Home > Directing > Independent Theatre Production 101- Tap The Flow
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This blog is inspired by Motivational Monday (#mm); so, on Mondays, I will publish this column on how easy it can be to get your work out there largely in the context of theatrical productions but there are tips, here, for any performance artist. These will be short pieces with one tip or musing from a woman who pops up theatres all the time and produces and directs constantly. I hope this blog helps inspire you to just get out there and do it. The first hurdle is that decision.

Tap The Flow

One of the first questions an artist faces is how to get their work in front of an audience and many are unaware of how easy it is to set up shop, literally anywhere. Because internet. Today, I am going to talk about an amazing online tool that is bringing performance into livingrooms, backyards, small intimate spaces: Artery.is.

Artery is kind of doing the Uber thing to performance. Skip the established brick and mortar theatres (and all the expense therein) and offer a myriad of small, intimate performance spaces all over the city. There is, of course, a lot of trust required (going into someone’s livingroom or backyard or offering your livingroom or backyard) but it is similar to the Uber experience.

Artery is intriguing because it connects the artist directly with his/her audience; something we should all be doing but may not have the skills.

What An Audience Might Want

Before we continue this discussion, I want to remind you about what might attract the audience to an experience like this:

  1. Chance to be involved with something outside their ken OR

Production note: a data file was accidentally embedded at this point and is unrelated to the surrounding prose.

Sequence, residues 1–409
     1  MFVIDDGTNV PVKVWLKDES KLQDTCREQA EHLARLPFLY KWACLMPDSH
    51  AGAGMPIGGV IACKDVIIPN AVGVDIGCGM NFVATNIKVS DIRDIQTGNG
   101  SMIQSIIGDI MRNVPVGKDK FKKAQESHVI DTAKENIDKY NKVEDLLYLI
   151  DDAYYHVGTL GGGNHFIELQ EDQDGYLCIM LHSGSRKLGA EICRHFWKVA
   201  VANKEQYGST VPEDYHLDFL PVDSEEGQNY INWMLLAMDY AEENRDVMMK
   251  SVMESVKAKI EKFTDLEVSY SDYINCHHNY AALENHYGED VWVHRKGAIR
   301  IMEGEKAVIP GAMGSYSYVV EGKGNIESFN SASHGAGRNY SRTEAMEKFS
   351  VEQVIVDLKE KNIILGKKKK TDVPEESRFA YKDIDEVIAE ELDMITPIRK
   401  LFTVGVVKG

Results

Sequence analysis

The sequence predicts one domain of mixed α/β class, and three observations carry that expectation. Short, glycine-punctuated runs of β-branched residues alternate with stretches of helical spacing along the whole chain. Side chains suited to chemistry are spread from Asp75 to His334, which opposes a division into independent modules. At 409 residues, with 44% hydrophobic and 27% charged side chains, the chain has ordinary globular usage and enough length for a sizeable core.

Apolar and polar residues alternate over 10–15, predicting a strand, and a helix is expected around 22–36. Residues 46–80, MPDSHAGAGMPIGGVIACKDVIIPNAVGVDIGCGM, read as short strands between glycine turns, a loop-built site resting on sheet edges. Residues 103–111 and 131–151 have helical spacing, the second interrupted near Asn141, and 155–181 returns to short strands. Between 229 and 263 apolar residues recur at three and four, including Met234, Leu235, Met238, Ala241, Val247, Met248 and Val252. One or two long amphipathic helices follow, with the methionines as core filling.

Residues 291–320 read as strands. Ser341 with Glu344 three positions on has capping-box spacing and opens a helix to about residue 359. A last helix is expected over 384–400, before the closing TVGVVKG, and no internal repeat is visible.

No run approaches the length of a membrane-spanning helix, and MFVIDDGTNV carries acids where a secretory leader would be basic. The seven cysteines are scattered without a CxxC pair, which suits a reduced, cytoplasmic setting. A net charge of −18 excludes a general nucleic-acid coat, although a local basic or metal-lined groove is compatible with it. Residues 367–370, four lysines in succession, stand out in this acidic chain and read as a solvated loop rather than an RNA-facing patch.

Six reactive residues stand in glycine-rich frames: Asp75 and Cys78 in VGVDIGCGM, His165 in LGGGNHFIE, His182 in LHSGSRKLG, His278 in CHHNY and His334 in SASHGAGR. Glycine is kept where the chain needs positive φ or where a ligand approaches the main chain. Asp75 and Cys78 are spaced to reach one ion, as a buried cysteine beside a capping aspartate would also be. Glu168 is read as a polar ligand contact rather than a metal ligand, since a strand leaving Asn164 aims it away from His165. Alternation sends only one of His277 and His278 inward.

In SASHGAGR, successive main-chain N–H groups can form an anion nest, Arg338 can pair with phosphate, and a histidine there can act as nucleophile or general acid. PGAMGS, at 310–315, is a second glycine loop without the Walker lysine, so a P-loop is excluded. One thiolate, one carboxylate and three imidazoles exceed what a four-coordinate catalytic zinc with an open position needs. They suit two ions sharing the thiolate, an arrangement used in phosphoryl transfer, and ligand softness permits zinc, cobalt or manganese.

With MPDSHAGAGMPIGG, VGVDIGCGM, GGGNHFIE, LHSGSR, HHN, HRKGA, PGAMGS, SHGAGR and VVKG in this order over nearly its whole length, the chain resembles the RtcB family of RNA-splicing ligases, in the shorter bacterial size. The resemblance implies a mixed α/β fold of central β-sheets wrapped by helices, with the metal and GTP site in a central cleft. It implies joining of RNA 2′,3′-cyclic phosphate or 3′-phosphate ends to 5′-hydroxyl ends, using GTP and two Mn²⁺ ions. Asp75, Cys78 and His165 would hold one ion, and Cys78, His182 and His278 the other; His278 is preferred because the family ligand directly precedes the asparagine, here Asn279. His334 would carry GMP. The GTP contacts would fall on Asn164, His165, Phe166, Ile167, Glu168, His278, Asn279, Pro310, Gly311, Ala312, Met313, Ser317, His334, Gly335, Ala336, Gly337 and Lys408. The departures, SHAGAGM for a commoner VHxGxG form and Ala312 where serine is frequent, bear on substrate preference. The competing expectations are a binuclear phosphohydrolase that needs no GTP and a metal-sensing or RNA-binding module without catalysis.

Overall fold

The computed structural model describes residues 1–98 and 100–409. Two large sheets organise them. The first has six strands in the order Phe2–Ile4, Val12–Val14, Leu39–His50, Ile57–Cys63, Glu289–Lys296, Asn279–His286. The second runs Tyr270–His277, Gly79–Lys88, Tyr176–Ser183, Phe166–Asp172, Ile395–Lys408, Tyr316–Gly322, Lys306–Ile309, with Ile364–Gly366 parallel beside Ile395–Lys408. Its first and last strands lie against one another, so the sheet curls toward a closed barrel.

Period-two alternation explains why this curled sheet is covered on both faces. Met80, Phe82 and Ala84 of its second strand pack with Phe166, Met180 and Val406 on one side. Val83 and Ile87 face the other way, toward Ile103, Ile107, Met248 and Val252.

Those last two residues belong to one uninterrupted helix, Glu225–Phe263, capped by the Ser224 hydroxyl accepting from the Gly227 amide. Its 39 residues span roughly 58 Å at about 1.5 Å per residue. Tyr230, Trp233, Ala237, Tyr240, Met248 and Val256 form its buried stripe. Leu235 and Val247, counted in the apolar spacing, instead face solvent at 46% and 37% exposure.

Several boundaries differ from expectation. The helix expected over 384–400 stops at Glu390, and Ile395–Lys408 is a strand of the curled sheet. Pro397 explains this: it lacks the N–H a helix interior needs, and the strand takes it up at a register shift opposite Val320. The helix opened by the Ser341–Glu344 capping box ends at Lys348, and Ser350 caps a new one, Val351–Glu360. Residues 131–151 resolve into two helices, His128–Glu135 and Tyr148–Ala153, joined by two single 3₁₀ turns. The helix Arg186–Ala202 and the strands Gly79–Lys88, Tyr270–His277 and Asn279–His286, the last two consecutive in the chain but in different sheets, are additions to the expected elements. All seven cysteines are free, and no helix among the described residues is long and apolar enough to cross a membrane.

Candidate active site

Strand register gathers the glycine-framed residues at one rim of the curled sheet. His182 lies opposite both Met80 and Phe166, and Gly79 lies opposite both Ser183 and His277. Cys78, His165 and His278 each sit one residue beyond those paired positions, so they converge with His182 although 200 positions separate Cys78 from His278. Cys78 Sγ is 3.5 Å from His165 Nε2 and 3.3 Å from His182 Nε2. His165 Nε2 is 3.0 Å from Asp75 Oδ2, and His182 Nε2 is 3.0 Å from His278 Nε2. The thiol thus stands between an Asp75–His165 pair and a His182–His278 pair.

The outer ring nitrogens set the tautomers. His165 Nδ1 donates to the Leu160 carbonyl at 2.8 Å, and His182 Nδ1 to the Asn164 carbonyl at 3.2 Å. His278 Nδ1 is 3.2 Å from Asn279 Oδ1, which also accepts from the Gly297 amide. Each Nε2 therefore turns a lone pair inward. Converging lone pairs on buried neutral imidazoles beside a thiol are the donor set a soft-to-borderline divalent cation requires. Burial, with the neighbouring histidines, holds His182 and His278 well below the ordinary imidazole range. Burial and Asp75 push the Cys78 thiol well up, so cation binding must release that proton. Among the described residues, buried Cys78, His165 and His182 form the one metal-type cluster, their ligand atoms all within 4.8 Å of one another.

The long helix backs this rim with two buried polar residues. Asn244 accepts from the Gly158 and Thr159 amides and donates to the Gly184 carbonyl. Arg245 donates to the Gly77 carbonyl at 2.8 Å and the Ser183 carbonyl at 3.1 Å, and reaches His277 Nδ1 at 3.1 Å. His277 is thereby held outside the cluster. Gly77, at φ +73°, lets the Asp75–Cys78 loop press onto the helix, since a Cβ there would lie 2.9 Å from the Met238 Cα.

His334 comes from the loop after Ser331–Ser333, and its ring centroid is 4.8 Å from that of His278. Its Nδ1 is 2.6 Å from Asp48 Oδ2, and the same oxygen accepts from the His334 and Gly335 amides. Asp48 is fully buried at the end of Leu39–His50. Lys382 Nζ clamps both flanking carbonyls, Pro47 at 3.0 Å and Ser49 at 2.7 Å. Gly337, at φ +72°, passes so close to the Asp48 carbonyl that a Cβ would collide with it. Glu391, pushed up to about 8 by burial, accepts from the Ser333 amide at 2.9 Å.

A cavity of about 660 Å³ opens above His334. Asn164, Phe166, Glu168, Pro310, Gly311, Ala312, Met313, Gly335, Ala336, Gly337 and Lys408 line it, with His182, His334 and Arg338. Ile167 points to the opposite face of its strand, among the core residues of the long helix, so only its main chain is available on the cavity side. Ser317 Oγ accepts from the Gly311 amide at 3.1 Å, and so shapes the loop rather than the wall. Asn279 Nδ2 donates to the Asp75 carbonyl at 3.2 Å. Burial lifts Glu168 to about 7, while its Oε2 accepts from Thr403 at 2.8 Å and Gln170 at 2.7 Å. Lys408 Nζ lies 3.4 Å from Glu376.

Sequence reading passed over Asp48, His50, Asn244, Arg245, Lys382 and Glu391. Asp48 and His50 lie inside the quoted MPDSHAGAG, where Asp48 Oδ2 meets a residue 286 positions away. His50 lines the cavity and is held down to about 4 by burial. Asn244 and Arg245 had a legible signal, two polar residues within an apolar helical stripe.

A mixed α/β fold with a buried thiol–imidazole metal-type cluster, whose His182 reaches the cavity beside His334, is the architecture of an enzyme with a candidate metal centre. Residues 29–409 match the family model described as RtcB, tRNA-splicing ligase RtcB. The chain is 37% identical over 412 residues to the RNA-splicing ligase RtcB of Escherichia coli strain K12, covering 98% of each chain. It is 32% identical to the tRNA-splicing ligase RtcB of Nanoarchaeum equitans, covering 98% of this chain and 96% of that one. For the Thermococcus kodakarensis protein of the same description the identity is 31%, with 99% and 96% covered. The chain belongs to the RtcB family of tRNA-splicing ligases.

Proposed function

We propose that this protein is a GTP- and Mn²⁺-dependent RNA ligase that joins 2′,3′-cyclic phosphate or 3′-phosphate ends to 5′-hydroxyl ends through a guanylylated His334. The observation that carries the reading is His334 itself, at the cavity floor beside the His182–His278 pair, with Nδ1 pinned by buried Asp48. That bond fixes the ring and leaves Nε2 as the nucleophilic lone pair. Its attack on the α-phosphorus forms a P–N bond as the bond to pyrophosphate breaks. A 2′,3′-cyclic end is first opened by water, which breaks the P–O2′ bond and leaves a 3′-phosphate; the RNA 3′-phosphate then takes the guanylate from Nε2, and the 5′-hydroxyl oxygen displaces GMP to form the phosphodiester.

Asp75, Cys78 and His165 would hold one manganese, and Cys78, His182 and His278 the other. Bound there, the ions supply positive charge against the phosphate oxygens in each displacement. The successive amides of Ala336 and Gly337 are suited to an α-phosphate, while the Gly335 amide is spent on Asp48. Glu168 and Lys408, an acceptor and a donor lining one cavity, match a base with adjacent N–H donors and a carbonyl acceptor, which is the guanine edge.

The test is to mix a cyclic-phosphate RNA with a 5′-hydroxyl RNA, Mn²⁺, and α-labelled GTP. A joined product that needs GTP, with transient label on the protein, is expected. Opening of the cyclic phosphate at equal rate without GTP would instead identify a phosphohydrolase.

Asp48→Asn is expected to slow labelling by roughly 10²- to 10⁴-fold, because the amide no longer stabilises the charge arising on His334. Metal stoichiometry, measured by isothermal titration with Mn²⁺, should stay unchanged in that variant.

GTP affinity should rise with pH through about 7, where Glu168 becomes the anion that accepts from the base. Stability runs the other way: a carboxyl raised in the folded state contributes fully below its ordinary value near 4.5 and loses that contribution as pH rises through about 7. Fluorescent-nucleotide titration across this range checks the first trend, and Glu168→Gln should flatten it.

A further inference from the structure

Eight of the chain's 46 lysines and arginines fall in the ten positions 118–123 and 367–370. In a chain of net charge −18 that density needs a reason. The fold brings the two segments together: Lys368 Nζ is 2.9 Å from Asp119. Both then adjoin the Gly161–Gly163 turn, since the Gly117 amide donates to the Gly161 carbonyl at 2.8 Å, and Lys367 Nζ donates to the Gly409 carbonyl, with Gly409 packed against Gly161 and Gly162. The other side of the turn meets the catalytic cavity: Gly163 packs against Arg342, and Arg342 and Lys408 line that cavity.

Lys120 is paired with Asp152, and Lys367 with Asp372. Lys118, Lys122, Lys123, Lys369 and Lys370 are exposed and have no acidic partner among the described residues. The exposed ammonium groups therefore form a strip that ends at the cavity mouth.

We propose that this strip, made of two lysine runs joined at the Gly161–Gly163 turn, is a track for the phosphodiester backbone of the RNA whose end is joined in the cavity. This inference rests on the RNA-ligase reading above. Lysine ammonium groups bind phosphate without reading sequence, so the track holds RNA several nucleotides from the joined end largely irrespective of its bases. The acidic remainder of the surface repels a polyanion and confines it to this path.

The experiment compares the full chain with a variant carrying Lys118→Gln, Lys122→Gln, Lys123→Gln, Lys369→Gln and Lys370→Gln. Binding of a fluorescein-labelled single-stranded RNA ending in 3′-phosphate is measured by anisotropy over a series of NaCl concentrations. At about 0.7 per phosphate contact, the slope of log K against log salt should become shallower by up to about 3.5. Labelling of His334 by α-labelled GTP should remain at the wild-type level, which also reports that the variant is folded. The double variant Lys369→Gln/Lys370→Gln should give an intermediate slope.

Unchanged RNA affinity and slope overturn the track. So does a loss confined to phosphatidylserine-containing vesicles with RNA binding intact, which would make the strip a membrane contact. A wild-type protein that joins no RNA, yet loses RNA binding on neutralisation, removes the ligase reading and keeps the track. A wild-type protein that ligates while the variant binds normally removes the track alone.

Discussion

2. Chance to be involved with a new project in their own field.
  3. Chance to meet and interact with the performance artist(s).
  4. Chance to avoid crowds. An investment in intimate groups and connections.

What An Independent Theatre Production Might Want:

I am not necessarily saying this is the best choice for your project but, let’s assume the following:

  1. Your project is in its beginning stages (small, budding) or has proven to work very well with small, intimate audiences.
  2. You want to connect and engage personally with your audience.
  3. Your project is flexible enough to stand pretty much any space (poetry reading, small play, small band or ensemble).
  4. Your project does not need a lot of technical support.
  5. You just want to perform.

If any of this is true, something like Artery might be an option for you. If you have a website and/or a large social media following, artery.is might not be necessary. You could, effectively, sell out an intimate gathering all on your own lonesome. More on this later.

Having said that, I think I would like you to ponder a reality in which the venue is not necessarily an obstacle. Our world is one in which you can reach your audience directly. Check out artery.is.

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